• October 22nd, 2021

The federal Highway Trust Fund (HTF) is the primary source of federal funding used by state governments to maintain and improve U.S. surface transportation infrastructure. The majority of HTF revenues (which typically total nearly $40 billion annually) are derived from fuel taxes. These fuel taxes operate as a road user fee, with larger vehicles (e.g. Class 8 tractor-trailers with low miles per gallon [MPG]) paying substantially more per mile for road use than smaller vehicles (e.g. compact cars with very high MPG).

There are several headwinds facing the HTF. First, the per-gallon federal fuel tax rates were last increased in 1993, which has led to inflation-related roadway investment shortfalls. This underfunding occurred even while fuel consumption has increased substantially over the past 30 years. A second issue is the improving fuel efficiency of the U.S. car and truck fleet. A vehicle built today can travel much farther on a gallon of fuel than vehicles from the early 1990s, and as a result the typical driver contributes less per mile to highway tax revenue than that same driver did decades ago. Finally, across the past ten years, the electric vehicle share of the U.S. fleet has grown, and such vehicles by their very nature do not pay any federal motor fuels taxes.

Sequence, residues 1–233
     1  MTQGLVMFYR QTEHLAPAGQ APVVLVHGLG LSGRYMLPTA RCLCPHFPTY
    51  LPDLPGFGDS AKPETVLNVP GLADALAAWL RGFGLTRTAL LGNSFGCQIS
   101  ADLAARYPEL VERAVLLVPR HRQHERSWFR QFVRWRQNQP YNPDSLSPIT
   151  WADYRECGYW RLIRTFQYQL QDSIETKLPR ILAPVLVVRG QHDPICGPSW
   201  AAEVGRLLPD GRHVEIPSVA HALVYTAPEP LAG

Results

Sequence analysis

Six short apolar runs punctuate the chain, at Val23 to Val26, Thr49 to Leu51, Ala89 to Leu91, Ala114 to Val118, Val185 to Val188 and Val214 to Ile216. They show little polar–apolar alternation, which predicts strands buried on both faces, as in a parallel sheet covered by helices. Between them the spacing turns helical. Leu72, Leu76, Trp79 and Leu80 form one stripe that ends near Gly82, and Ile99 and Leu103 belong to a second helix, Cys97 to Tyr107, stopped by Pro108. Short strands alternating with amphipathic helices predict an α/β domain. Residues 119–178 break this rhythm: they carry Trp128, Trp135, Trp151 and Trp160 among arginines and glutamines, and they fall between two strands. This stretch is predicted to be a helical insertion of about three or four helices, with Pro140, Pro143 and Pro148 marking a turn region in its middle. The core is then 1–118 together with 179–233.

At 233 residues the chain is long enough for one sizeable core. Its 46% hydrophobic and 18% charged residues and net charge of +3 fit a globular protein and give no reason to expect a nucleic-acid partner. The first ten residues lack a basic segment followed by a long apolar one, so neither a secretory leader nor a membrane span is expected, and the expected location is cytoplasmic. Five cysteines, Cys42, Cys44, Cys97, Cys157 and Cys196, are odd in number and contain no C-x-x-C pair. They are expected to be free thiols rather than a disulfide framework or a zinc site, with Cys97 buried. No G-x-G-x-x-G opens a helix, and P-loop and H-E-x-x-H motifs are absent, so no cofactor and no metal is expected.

Read the full report here.